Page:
We must remember why we are fighting for independence


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Lluniau gan / Images of Lluniau Lleucu

Rhys ab Owen MS, Plaid Cymru spokesperson for the constitution

As of this writing, almost a third of Welsh children live in poverty.

Let it flow.

200,000 children in Wales living in absolute poverty.

A damning indictment of the Westminster legacy. If that isn’t a reason to fight for Welsh independence, I don’t know what is.

For Plaid Cymru, it was never about independence for independence, but rather for the thousands of families whose futures depend on Wales becoming a fairer, more prosperous and more equal nation.

It was true before the election and it is true now.

Wales’ independence remains our long-term raison d’être simply because we want to make people’s lives better.

This brighter future will not be served by being a member of an unequal nation.

An unequal nation where universal credit payments given to support the most vulnerable are expected to be cut by £ 20.

An unequal nation where we don’t have the government we vote for.

An unequal nation where the cost of living goes up while people’s incomes go down.

An unequal nation where the Conservative Westminster government continues to undermine Wales and our Senedd.

An unequal nation where the gap between rich and poor is widening.

An unequal nation where most of the wealth is centralized in one city – London.

An uneven nation where Welsh taxpayers’ money is spent to pay for expensive projects like HS2 that will never benefit us, while projects like the electrification of our railways or the tidal lagoon of Swansea Bay are scrapped.

An uneven nation where Westminster pals stumble from one mismanaged crisis to another – the coronavirus pandemic, questionable trade deals, Afghanistan.

But if Wales were to become independent, we would not be bound by such inequalities.

We would get the government we voted for every time.

We would have the power to control our economy and make it prosper.

We would have the power to make our own decisions about our future.

We would have the power to implement real changes for the benefit of the most vulnerable in our communities.

I have no doubt we could do it.


Wales’s GDP is around £ 73 billion (2018), making Wales the 70th richest country in the world, out of around 200 independent countries. Wales’ GDP per capita is approx. £ 21,000 (2018), the 36th highest in the world (out of around 200), meaning Wales has higher wages on average than Portugal, Spain, the Czech Republic and Greece.

Globally, Wales is therefore relatively wealthy.

Our per capita tax revenue is higher than New Zealand’s.

In an article published in early 2020, Professor Mark Barry of Cardiff University dismissed the idea that Wales might be too poor or too small to be independent. If that were true, he said, Wales would be unique, the only place on earth where an independent country of three million people couldn’t survive.

The key question is whether our economy and our well-being are best served by the Westminster elite, or by something more common across the world – i.e. taking control of our affairs by as an independent nation.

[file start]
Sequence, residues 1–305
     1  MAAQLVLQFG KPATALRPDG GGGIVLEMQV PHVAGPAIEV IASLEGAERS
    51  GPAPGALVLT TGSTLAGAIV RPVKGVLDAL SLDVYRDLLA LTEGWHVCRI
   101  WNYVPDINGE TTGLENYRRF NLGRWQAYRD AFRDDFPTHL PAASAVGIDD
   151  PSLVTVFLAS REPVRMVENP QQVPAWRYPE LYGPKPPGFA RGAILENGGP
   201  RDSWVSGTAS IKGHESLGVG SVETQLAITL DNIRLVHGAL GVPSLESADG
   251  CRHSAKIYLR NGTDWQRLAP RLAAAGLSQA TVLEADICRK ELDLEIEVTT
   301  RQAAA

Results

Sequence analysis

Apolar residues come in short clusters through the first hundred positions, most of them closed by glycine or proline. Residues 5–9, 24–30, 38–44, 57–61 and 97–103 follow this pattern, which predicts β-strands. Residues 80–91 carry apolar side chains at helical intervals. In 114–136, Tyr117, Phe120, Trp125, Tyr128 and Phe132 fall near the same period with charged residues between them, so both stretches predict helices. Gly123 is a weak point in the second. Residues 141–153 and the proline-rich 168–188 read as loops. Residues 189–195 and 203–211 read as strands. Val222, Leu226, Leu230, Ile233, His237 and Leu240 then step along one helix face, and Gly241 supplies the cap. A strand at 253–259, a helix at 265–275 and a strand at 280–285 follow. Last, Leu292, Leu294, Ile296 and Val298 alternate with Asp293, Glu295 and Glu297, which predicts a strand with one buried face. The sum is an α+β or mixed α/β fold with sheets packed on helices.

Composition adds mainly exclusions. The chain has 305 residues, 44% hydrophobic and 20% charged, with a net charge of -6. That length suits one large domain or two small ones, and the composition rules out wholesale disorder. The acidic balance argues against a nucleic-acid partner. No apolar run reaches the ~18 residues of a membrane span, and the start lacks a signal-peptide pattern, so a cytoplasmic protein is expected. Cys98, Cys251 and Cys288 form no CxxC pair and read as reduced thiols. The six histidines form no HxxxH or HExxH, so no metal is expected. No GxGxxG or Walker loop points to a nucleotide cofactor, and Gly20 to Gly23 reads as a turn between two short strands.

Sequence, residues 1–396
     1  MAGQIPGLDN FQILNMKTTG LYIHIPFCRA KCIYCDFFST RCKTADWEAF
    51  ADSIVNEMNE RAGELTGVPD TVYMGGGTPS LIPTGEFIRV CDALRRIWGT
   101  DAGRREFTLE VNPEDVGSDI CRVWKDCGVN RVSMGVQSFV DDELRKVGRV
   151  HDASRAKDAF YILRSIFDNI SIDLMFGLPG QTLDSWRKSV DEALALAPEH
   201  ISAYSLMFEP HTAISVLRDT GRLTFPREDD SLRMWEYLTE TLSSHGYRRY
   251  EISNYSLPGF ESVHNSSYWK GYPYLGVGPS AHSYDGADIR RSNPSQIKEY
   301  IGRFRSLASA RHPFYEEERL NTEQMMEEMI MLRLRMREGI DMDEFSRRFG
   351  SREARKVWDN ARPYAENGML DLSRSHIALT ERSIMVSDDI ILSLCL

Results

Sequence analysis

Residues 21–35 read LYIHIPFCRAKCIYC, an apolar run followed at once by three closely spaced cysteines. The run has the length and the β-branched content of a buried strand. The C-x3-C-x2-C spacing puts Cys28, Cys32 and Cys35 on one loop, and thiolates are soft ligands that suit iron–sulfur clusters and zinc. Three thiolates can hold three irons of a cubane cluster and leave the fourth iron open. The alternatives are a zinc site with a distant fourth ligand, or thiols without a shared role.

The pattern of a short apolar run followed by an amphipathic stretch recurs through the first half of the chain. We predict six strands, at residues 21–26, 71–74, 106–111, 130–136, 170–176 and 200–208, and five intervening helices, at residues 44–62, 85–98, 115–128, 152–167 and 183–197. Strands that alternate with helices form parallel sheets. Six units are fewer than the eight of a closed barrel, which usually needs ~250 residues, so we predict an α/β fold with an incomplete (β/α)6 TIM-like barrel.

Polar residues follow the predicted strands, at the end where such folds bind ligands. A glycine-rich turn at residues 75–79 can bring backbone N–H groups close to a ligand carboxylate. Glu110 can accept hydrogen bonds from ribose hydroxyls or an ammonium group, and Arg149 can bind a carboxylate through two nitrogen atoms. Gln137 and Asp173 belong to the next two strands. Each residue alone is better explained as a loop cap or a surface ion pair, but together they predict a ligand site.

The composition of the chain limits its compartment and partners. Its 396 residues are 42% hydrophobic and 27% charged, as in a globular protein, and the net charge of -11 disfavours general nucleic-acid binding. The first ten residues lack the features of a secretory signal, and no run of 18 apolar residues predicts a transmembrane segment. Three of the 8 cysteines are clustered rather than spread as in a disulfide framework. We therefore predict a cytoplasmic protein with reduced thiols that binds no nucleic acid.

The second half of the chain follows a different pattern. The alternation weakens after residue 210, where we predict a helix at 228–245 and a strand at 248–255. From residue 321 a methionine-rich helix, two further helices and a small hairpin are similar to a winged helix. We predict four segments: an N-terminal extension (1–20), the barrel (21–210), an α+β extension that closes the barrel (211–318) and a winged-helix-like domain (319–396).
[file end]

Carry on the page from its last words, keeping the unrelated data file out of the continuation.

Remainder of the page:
We are also an energy rich country with 15 percent of all of Europe’s tidal power.

We already export twice as much electricity as we consume and are the 6th largest exporter of electricity in the world.

We could do more, but Westminster consistently fails to invest in Welsh projects such as the tidal lagoon at Swansea Bay, which would generate even greater economic benefits for the country.

An independent Wales would not have to wait for the Westminster government to fund our ‘green’ projects and we would be free to take advantage of record interest rates to boost our economy and invest in green energy projects.

We could make full use of our wonderful natural resources which could generate significant tax and revenue revenues for the Welsh nation.


And transport too? In terms of transport, the UK has seriously failed Wales.

Wales has 11% of the UK rail network but only 1% of investment in recent years.

Per capita transport spending in Wales is less than half that in London, which has seen a succession of multibillion-pound rail projects over the past decades.

Welsh taxpayers are contributing billions to HS2 despite the damaging effects on the Welsh economy. During this time there will be no rail link from Carmarthen to Aberystwyth or Aberystwyth to Bangor – we will still have to cross England to go from south to north Wales.

We could also develop a metro for Swansea Bay and the Western Valleys, but the Westminster government is simply not providing a fair share of the funding to make it happen.

Investing in infrastructure is essential to improve economic performance. It’s time for Wales to take full control of our transport infrastructure with the freedom to invest and prioritize our infrastructure.

I truly believe Wales can be independent, and we would all be better off for it.

So whether we are all walking under one banner or engaging in conversations on social media, we need to take that energy and belief that we have in an independent Wales and translate it into conversations with our compatriots – street by street, community by community, to those who remain uncertain or nervous about independence but are ready to listen.

Independence is possible. Independence can happen. Independence is the norm. It is time for Wales to join the international scene.

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